A close-up look at the Australian's purpose-built ride
Australian's 2015 Tinkoff-Saxo team bike
Winner of the 2015 Tour Down Under
New and old kicks and lids seen at WorldTour race
2011 KOM champion Pat McCarty on upward track after illness
Canadian Pro Continental squad Spidertech Powered by C10 returns to the Amgen Tour of California this year with a bolstered squad from previous editions, but 2011 KOM jersey winner Jonathan "Pat" McCarty will have a tough row to hoe if he wants to repeat his 2011 result.
McCarty is recovering from a long bout with mononucleosis that held back his training and racing prep coming into the California race.
"We're hoping Pat can be the same old Pat he was last year," team director Steve Bauer told Cyclingnews Friday. "But our expectations are a little bit softer, obviously, because he's on an upward track. He's getting fitter and feeling better every ride he does, but again, we know the game here and you have to be on top really to pull that off. So we have to play it by ear with Pat to see how his form is and play it day by day. Maybe we can pick off a breakaway, and who knows, maybe go for a stage."
The addition of a former Saxo Bank Tour de France veteran, Denmark's Brian Vandborg, will lend some experience to Spidertech, which also features two Canadian U23 riders who will race in California for the first time.
"Hugo Houle is going to get some valuable experience from this race," Bauer said. "He and David Boily are both talented young guys under 23 who are hoping to show some of their stuff."
The squad in California also includes Ryan Anderson, Guillaume Boivin, Lucas Euser and Caleb Fairly. Bauer said the team will likely join the fray of squads hoping to make it into the breakaways and onto the live TV coverage.
"Everybody wants to play that role, but we have to be a part of it," he said. "We want to be aggressive at the right...
Hesjedal in leader's maglia rosa, Stetina best young rider
It was a day of celebration for Garmin-Barracuda at the Giro d'Italia as one day after the team surrendered the maglia rosa to Adriano Malori (Lampre-ISD), Ryder Hesjedal reclaimed it for the US ProTeam with his fifth place result in stage 7. Additionally, Garmin-Barracuda's Peter Stetina claimed the maglia bianca jersey of best young rider as well as moving into fifth place overall, 26 seconds behind his Canadian teammate.
"That was our double goal: for me to take the white and for Ryder to take the pink and we were able to capitalize on that," Stetina told Cyclingnews. "We're happy with today."
Stetina began the stage in second place on the young riders classification, led by maglia rosa wearer Adriano Malori (Lampre-ISD), but wore the white jersey during the stage since Malori sported the pink jersey. At the conclusion of the stage, however, Stetina became the rightful owner of the white jersey as Malori faltered on the mountain finish and finished more that 11 minutes off the pace, paving the way for Hesjedal to take the race lead as well.
Stetina spoke about Garmin-Barracuda's strategy on the summit finish at Rocca di Cambio, particularly their concern that Joaquim Rodriguez (Katusha) could derail their ambitions for the pink jersey.
The 25-year-old America, riding his second Giro d'Italia, also discussed the importance of the team's results regarding the upward trajectory of professional cycling in North America.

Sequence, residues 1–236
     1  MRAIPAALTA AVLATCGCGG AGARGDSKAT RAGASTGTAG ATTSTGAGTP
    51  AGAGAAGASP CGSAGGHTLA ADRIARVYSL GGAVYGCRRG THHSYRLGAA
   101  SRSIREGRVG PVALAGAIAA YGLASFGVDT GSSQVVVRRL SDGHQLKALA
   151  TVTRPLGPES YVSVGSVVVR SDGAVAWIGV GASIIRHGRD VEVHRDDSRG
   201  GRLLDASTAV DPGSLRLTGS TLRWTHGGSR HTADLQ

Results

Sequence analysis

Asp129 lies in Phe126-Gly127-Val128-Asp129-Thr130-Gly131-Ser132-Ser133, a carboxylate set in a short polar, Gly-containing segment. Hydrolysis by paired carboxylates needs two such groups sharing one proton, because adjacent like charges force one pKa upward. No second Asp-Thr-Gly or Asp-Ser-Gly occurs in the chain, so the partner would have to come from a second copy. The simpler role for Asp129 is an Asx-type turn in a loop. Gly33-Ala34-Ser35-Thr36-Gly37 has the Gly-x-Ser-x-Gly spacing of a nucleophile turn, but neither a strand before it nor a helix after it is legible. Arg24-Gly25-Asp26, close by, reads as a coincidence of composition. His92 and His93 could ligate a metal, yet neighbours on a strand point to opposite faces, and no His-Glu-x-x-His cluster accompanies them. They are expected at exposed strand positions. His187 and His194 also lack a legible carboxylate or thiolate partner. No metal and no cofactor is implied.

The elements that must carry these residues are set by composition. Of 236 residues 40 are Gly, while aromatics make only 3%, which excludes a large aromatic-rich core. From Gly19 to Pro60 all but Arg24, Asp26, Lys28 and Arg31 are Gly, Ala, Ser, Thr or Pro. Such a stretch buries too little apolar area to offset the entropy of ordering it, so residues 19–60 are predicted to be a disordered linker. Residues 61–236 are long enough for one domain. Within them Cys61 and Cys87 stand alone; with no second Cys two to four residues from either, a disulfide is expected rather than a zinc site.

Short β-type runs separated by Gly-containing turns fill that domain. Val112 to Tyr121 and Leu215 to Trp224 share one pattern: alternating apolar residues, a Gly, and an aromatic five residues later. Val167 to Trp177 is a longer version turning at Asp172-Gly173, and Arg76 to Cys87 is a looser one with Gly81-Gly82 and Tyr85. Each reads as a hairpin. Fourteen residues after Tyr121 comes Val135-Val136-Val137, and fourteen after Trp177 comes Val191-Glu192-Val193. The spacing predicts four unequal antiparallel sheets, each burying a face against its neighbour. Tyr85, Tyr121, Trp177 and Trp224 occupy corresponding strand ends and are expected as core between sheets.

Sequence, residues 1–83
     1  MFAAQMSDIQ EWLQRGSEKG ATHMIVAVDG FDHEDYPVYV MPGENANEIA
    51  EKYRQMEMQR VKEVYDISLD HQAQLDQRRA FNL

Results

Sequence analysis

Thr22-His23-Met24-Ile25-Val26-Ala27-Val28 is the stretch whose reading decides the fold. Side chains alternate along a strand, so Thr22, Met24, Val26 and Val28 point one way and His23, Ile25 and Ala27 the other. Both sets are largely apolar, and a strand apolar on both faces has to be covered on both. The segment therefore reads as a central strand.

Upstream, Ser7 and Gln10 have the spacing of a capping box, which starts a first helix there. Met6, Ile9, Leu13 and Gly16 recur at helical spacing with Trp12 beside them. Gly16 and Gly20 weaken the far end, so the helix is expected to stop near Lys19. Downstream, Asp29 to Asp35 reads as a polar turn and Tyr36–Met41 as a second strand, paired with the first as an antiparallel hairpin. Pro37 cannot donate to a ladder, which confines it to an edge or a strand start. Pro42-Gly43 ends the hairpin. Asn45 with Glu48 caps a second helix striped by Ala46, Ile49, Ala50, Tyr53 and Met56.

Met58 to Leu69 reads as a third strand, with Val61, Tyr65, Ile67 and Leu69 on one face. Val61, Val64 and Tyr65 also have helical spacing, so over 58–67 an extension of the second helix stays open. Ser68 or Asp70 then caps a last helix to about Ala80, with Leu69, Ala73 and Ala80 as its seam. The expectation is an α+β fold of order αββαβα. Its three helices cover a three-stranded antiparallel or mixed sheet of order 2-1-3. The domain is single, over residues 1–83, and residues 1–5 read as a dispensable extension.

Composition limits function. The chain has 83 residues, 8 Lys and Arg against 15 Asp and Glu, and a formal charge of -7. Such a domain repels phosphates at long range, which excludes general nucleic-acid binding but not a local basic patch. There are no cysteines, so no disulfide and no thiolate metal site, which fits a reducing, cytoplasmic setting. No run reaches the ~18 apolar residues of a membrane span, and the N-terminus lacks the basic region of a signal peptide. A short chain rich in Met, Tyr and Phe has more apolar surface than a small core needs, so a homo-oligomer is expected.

Bissel veteran set to take advantage of local knowledge
The Bissell Pro Cycling veteran crashed during the race last year, breaking his collarbone and then contracting a serious infection that knocked him out of racing for the rest of the season. Now he's back and ready to confront his demons at the California race.
"I'm pretty confident that my body is kind of back to where it needs to be," Jacques-Maynes told Cyclingnews. "Now my fitness and
mentality sort of needs to get picked up again, and that just takes time. I've been looking forward to this week with anticipation and excitement, but also some trepidation. I've been basically in pain for a year straight, so it wears on you and you think about it. But if I can get through this next week healthy and whole and finish the race, I'm looking forward to a big mental boost from that."
Beside looking forward to jumping over the hurdle that has been in his path for the past year, Jacques-Maynes has other reasons to be excited about the seventh edition of the Tour of California. The stage two route from San Francisco to Santa Cruz relies heavily on roads that are in the California native's current backyard and it finishes in his hometown. Jacques-Maynes, who helped with the fundraising efforts to bring the race to Santa Cruz, hopes to reward the local residents with a good performance there.
"Everyone's been telling me they'll see me in the breakaway on Monday," he said. "I don't know if that will actually happen, but I know every inch of the road and I'd like to have a good performance, whether that's ride the break and get the exposure or a jersey at the...
Stage 2 crash injuries prove too painful for Belgian
The mountainous parcour of the across the Apennine ridge proved too much of a hurdle for Lotto Belisol stage victory hope, Gianni Meersman. The Belgian was forced to abandon Stage 7 of the Giro d'Italia after 70 kilometres of racing on Saturday.
Meersman had crashed on stage 2 in Herning and had been able to cautiously ride through the following days over the competitively flat roads. But as the Giro began to head skywards, the 26-year-old was forced off his bike.
"Pain in my back and my knee forced me to abandon," Meersman said in a team statement. "Obviously this is a big disappointment for me. Right after the crash I thought the damage was minimal and during the flat races, I was alright. But when it first got hilly yesterday, it was a real struggle to keep following the bunch. I went to the limit and my osteopath did everything yesterday to make the pain go away, but 12 hours of recovery were insufficient. Due to the injury on my hip joint, I sat crooked on my bike, causing more pain in my knee," he explained, referencing the injury which ruled him out of Fleche Wallonne or Liege-Bastogne-Liege.